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Dispatch 2.0 Adds Folder Access, Unsubscribe Shortcut, Refreshed UI

Dispatch, an email client with support for actions and snippets that I first reviewed in June 2013 and followed for the past year, has been updated today to version 2.0, which brings a refreshed interface and welcome improvements to navigation. I stopped using Dispatch (replacing it with Boxer) when I realized that I needed to be able to browse my folders and have fast search across my mailboxes, but I’m going to put version 2.0 back on my Home screen thanks to today’s changes.

From a visual standpoint, the app’s design has been further cleaned up for iOS 7 and there’s a new icon, but that’s not the big news. Dispatch can now access folders in your configured email accounts: by default, folders are hidden under each account in the sidebar, but you can tap a button to view them all and even pin your most used ones underneath their account, so they’ll always be accessible as top-level items. I like how default mailboxes such as Archive and Sent are differentiated with custom icons, and I believe this is an elegant solution as the sidebar lets you retain fast access to folders without being cluttered with long lists of folders visible by default.

The other great addition of this 2.0 update is an Unsubscribe shortcut that lets you unsubscribe from email newsletters and mailing lists easily without switching back and forth between Dispatch and Safari. In messages that are recognized as newsletters, Dispatch will scan the content and try to find an Unsubscribe link, which will be used for a custom button in the action menu. When you tap the Unsubscribe shortcut, the app will load an inline web view with confirmation steps to stop receiving email updates.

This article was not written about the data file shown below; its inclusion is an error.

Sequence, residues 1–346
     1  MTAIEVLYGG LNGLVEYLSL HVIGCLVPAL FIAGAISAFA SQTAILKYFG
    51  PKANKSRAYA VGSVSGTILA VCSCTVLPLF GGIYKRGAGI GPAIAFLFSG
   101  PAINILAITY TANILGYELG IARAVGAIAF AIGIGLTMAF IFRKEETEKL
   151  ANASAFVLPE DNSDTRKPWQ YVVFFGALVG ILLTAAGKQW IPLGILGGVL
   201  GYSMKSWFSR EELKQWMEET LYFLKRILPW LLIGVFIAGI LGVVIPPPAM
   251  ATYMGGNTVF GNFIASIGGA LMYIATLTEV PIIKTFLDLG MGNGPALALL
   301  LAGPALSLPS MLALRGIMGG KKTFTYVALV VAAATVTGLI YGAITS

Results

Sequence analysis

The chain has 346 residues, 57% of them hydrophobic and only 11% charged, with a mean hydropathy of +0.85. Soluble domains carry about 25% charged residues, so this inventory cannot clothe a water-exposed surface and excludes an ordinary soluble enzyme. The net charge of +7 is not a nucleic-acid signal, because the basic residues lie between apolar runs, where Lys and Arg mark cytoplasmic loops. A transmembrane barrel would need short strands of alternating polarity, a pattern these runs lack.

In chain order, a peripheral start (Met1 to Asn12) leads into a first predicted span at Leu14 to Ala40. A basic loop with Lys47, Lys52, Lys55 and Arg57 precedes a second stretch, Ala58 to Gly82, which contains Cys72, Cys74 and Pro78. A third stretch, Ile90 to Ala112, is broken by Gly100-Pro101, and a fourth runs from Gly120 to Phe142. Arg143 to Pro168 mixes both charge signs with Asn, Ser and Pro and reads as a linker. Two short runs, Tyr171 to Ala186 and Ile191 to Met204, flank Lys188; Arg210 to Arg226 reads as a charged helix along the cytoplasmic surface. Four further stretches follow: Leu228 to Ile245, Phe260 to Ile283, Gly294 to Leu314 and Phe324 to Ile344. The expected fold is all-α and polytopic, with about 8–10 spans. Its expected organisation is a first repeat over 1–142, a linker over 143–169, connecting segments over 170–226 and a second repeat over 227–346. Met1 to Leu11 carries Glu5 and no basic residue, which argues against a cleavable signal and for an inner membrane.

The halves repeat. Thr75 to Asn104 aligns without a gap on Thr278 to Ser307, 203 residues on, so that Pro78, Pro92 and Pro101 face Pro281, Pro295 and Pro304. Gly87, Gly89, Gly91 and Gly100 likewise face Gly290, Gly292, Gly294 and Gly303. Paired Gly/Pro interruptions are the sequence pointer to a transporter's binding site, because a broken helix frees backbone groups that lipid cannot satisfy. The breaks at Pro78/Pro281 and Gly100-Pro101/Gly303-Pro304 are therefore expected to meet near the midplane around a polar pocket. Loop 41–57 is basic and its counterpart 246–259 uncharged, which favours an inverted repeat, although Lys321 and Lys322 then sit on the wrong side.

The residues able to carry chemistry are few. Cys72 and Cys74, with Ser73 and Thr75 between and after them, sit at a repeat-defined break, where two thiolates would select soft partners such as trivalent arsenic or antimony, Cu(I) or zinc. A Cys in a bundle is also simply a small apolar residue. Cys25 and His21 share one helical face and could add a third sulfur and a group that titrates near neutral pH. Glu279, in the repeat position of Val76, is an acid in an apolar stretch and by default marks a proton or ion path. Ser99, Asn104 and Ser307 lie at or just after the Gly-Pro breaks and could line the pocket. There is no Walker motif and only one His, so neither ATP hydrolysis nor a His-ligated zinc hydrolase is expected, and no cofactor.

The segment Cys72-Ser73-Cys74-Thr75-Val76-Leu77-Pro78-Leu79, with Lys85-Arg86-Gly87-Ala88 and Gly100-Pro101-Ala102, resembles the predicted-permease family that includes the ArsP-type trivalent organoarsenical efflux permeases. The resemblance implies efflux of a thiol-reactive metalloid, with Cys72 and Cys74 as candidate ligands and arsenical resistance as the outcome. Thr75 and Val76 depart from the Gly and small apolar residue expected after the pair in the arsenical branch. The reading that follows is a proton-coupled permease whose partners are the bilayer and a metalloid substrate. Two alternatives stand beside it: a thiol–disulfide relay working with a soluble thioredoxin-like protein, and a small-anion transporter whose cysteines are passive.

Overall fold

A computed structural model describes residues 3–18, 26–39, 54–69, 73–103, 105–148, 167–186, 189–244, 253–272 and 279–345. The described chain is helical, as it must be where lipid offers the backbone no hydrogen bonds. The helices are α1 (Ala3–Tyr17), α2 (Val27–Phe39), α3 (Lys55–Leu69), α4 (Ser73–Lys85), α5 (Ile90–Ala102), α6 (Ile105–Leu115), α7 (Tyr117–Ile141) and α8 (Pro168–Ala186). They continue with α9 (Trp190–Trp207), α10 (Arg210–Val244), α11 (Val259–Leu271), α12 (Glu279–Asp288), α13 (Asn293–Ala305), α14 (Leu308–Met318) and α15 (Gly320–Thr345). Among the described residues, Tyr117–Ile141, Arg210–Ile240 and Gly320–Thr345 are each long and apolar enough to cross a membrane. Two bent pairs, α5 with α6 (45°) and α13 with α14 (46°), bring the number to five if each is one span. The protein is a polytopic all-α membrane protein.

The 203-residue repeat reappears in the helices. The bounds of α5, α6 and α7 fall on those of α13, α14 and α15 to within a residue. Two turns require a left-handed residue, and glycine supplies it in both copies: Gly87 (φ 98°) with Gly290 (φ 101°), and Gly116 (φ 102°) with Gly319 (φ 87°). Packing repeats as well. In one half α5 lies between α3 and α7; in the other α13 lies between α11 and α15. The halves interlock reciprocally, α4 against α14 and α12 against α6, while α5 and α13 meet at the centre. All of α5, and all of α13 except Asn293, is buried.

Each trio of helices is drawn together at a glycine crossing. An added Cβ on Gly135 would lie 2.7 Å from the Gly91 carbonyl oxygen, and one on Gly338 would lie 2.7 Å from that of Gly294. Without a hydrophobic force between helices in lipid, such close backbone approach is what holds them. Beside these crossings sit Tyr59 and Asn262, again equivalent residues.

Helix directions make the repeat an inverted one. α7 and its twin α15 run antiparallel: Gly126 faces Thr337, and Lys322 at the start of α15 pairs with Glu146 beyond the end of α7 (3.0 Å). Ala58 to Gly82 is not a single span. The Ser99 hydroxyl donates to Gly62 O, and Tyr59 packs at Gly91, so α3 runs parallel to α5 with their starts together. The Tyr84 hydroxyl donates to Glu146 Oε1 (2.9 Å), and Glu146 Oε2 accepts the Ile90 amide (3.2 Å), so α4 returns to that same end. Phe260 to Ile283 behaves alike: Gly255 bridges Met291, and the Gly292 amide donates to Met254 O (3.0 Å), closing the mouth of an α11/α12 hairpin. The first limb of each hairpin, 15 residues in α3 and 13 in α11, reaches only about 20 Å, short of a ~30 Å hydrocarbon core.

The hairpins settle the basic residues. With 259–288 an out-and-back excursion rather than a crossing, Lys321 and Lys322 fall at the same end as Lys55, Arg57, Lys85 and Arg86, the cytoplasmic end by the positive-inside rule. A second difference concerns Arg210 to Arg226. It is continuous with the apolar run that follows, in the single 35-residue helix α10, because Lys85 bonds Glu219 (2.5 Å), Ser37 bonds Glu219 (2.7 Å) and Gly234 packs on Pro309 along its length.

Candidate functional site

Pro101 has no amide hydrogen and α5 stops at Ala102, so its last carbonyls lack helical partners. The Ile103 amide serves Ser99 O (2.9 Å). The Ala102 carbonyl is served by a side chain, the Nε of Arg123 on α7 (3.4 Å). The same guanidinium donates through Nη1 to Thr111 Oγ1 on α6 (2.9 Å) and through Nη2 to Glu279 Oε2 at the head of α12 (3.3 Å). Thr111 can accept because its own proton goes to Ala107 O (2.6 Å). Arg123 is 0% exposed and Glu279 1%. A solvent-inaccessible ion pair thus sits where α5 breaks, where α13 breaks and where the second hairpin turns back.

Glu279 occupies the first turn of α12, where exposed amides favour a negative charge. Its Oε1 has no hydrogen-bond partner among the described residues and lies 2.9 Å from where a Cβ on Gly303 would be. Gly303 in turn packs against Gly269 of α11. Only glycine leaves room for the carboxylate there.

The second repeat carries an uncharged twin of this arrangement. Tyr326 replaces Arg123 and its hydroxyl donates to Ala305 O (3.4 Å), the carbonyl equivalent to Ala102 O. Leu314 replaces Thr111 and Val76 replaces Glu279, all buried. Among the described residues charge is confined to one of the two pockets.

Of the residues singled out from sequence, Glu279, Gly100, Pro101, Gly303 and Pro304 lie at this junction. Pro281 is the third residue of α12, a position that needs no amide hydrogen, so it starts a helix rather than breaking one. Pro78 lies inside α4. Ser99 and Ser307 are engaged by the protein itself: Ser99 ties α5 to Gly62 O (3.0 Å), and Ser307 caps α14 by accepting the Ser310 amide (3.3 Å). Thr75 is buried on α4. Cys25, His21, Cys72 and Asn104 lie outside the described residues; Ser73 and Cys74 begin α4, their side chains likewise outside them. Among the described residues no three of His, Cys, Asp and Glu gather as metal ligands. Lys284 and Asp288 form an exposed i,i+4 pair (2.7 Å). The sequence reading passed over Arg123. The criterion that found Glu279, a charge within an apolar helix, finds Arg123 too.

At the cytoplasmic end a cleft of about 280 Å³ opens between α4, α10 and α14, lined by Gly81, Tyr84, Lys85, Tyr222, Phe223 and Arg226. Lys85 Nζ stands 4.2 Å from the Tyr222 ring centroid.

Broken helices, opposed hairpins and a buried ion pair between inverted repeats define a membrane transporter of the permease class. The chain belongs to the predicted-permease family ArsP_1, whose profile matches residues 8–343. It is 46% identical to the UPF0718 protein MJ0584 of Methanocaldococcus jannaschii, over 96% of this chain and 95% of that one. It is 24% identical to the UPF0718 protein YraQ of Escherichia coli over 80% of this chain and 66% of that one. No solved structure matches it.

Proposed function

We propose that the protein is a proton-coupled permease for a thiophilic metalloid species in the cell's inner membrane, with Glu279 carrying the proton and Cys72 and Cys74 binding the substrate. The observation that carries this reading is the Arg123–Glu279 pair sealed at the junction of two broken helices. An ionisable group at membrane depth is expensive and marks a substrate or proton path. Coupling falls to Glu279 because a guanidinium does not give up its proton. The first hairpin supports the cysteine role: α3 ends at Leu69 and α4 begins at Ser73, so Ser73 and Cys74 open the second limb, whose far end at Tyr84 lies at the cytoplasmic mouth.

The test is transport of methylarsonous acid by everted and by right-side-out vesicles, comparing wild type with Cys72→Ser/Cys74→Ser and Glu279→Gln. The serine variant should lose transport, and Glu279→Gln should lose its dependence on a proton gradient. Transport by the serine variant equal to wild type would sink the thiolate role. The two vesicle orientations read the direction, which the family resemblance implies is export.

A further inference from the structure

The Unsubscribe button is nothing that couldn’t be done manually by reading messages, but it saves time in that you don’t have to find the link yourself and Safari isn’t launched just to display a confirmation webpage. Dispatch now also warns you for phishing attempts by recognizing links that point to other domains – which is something that you can always do manually, but that the app can do for you in case you forget.

In terms of actions, Dispatch continues to be a notable example of integration between email messages and iOS apps and features. You can now save links to Safari’s Reading List from the app, triage links and data detectors in the Subject, and there’s a new flag indicating messages that have been triaged. x-callback-url support has been added to the app’s /compose URL scheme, which should come in handy to further integrate Dispatch with workflows to create new messages and jump back to other apps.

Dispatch 2.0 is a mature email client for iPhone that has received a plethora of improvements and features over the past year. On an OS that severely limits communication between apps, Hon Cheng and Lin Junjie have done a terrific job with building actions into Dispatch, which, aside from the triage menu, comes with more traditional email functionalities like folder access, search, and display settings. Dispatch has a lot of other great touches, and it remains the best email app for iPhone if you need to act on your messages and save them elsewhere. At this point, I’m only waiting for an iPad version, which can’t come soon enough.

Dispatch 2.0 is available on the App Store.

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